The place of the viewer's expansion in optical systems: The use of time in media and its spatial applications
Caporlingua, Christopher Michael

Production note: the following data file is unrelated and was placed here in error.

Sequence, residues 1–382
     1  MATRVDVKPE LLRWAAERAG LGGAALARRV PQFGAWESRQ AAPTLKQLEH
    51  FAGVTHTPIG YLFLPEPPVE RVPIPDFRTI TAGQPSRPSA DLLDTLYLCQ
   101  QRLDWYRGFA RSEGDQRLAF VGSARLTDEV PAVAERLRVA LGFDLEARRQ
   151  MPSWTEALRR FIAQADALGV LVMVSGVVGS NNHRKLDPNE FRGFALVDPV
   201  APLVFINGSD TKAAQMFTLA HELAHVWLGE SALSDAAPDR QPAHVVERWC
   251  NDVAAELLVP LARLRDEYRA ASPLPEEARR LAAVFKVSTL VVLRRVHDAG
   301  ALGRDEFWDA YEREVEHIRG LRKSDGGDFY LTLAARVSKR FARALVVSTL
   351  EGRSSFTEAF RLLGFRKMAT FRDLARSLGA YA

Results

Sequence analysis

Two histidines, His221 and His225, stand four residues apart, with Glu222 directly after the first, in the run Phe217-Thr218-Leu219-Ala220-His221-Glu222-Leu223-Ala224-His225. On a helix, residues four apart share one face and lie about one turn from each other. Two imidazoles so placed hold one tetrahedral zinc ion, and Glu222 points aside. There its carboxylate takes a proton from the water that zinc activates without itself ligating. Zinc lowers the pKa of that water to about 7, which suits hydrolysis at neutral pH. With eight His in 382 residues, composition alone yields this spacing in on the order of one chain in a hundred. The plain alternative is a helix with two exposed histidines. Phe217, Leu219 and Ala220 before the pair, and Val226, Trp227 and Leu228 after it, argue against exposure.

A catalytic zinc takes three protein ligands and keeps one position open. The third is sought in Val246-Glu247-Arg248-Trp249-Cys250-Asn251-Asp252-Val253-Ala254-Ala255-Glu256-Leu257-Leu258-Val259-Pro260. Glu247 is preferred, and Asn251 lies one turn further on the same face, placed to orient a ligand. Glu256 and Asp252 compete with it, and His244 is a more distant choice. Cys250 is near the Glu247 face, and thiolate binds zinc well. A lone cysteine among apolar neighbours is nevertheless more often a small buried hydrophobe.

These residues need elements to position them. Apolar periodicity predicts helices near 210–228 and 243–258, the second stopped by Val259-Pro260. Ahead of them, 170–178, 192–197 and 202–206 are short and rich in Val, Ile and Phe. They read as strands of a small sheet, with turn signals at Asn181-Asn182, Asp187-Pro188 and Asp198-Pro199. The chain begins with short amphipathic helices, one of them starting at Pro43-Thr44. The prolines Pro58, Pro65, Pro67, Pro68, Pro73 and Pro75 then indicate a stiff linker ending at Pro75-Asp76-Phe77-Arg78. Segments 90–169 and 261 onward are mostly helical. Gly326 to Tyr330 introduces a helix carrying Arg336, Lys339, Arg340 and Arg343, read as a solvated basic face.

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The real spaces we deal with everyday and the representations of them that we create all are mediated through the experience and reconstitution of them with memory and media, both of which are molded from our anatomy, psychology and experience. Visually, experience and representation conforms to the workings of our own vision through the eye and our perception of the sequence of images that it produces. Perspective is a trait of this type of vision that allows us to locate ourselves in our surroundings. It is enhanced by time but not assisted by the other senses. As a result, the simulation and manipulation of it are critical to the development and advancement of art and visual media up to the advent of photographic film and motion pictures. The 'Kino-eye' brought advancement to the process of seeing by providing a mechanical apparatus for the equal segmentation of vision and time. Sequential recording made time accessible, editing made it malleable, projecting it made it able to be reconstituted into new forms. The visual part of the camera bears little difference to the optics of the camera obscura and the eye. This expands our perception of time beyond our position in it. Filmed motion made the linearity, continuity, duration and singularity of time and sequence variable. The structure of film makes many provisions for this new way of interpreting time and we have easily accepted and adapted to it. These new abilities are explored in film montage, chronophotography and photodynanism. There has not been an equal expansion on our view of space and our position in it. The camera allows us to go to many places and see many things, but these processes are a derivative of movement. It does not allow us to be in many places or see things in a way greater than we can already. In this way, the camera gives us an ability to expand or modify our temporal experiences of the image sequence. The camera has not afforded us an equal expansion of our understanding of the spatial image and experience in a similar way. We experience an expansion of space not in itself but through time and sequence. Image capture does not necessitate an exploration beyond the optical systems of the camera obscura and the eye. Perspective is a format, bias and affordance in media and actual experience. It is perhaps one of our most basic affordances; it is the system by which we can relate our position, distance and scale to our environment. In trying to explore space and geometry as far as we have explored time in film, we must consider the internal processes (and distortions) we use to make sense of our experience in space, and the apparatus that we have to simulate it. Time and sequence let us create and reconstitute the image and motion of an object or self. The same sequence can be used to expand our experience of the spatial properties. The research done has resulted in a new process to expand the place of viewer through a new idea for the process of storing images. This is an additive process that aims to expand and question our perception. This is in contrast to the process of editing and montage that is a selective process to focus our experience. Key to this new system is using devices normally dedicated to the capture of chronographic information to instead capture the depth of a scene. Because of this, the process will be just as automated a system as moving film. The reconstitution and projection of the image will be a remapping of this visual information onto a new system. New ways of seeing can be found through researching this new system of alternative optics and perspective.